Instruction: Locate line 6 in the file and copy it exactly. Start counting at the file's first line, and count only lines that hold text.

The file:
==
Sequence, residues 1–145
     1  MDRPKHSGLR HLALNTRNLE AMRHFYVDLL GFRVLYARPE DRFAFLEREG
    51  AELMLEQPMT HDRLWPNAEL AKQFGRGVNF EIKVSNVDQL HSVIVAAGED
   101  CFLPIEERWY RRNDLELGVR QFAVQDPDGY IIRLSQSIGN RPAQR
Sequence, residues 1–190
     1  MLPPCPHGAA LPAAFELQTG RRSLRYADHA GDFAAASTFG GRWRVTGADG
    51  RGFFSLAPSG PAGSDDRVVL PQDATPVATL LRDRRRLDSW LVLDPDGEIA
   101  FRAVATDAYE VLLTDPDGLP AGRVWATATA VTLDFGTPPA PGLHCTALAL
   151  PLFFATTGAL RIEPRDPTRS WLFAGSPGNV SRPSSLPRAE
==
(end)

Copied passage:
     1  MLPPCPHGAA LPAAFELQTG RRSLRYADHA GDFAAASTFG GRWRVTGADG